To a large degree, the measure of our peace of mind is determined by how much we are able to live in the present moment. Irrespective of what happened yesterday or last year, and what may or may not happen tomorrow, the present moment is where you are -- always． Without question, many of us have mastered the neurotic art of spending much of our lives worrying about a variety of things -- all at once. We allow past problems and future concerns to dominate our present moments, so much so that we end up anxious, frustrated, depressed, and hopeless. On the flip side, we also postpone ourgratification, our stated priorities, and our happiness, often convincing ourselves that "someday" will be better than today. Unfortunately, the same mental dynamics that tell us to look toward the future will only repeat themselves so that "someday" never actually arrives. John Lennon once said, "Life is what's happening while we're busy making other plans." When we're busy making "other plans", our children are busy growing up, the people we love are moving away and dying, our bodies are getting out of shape, and our dreams are slipping away. In short, we miss out on life. Many people live as if life were a dress rehearsal for some later date. It isn't. In fact, no one has a guarantee that he or she will be here tomorrow. Now is the only time we have, and the only time that we have any control over. When our attention is in the present moment, we push fear from our minds. Fear is the concern over events that might happen in the future -- we won't have enough money, our children will get into trouble, we will get old and die, whatever. To combat fear, the best strategy is to learn to bring your attention back to the present. Mark Twain said, "I have been through some terrible things in my life, some of which actually happened." I don't think I can say it any better. Practice keeping your attention on the here and now. Your efforts will pay great dividends.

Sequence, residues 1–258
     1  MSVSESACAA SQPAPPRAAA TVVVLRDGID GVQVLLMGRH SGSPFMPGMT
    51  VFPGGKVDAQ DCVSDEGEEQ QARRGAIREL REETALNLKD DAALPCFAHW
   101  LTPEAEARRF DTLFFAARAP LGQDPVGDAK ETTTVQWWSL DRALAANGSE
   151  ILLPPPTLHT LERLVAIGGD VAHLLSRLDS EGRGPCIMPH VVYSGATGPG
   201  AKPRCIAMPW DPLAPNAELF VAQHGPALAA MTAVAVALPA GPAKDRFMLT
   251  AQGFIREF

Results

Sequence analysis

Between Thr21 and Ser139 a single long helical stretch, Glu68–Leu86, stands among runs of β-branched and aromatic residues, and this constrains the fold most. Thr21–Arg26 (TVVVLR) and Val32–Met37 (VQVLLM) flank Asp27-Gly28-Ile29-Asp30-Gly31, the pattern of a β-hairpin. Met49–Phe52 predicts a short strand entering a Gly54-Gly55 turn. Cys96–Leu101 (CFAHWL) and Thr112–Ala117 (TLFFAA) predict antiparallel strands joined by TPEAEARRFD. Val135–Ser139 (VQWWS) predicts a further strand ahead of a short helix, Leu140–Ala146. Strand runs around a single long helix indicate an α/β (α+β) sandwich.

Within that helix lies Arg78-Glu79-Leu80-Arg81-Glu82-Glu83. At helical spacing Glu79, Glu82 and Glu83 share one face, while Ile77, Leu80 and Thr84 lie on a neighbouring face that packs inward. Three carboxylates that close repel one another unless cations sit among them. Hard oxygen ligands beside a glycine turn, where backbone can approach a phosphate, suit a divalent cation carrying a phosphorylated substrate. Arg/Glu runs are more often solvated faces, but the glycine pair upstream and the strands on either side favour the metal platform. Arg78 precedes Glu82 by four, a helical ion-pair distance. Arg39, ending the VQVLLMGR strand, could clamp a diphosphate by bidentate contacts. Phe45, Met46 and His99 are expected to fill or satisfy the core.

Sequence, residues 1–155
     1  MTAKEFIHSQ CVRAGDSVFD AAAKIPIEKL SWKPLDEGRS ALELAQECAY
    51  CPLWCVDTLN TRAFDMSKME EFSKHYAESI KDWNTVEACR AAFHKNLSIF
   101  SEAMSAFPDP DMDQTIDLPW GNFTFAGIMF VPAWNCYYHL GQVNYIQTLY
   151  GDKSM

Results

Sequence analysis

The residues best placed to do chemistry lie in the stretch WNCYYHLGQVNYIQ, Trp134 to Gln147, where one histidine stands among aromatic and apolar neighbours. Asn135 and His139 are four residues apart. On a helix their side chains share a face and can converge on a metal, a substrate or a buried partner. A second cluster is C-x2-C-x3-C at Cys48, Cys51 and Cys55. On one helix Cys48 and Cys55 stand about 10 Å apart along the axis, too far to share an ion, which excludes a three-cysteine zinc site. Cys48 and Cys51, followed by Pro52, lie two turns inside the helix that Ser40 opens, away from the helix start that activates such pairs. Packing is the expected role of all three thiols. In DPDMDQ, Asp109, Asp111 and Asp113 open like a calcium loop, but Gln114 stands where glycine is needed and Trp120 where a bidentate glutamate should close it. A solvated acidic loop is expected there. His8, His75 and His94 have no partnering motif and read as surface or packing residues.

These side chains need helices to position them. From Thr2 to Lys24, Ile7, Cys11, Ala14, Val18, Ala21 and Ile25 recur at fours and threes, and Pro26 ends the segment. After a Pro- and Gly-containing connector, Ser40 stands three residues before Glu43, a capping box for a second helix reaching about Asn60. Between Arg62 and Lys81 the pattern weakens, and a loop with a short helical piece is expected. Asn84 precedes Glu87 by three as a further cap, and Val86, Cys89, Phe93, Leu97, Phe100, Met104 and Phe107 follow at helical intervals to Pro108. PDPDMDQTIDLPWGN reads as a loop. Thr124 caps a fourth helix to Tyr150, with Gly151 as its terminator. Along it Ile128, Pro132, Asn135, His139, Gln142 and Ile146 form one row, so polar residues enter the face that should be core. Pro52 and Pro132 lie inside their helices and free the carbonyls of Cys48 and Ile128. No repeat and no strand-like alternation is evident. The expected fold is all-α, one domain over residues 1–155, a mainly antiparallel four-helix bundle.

Stone crusher :...
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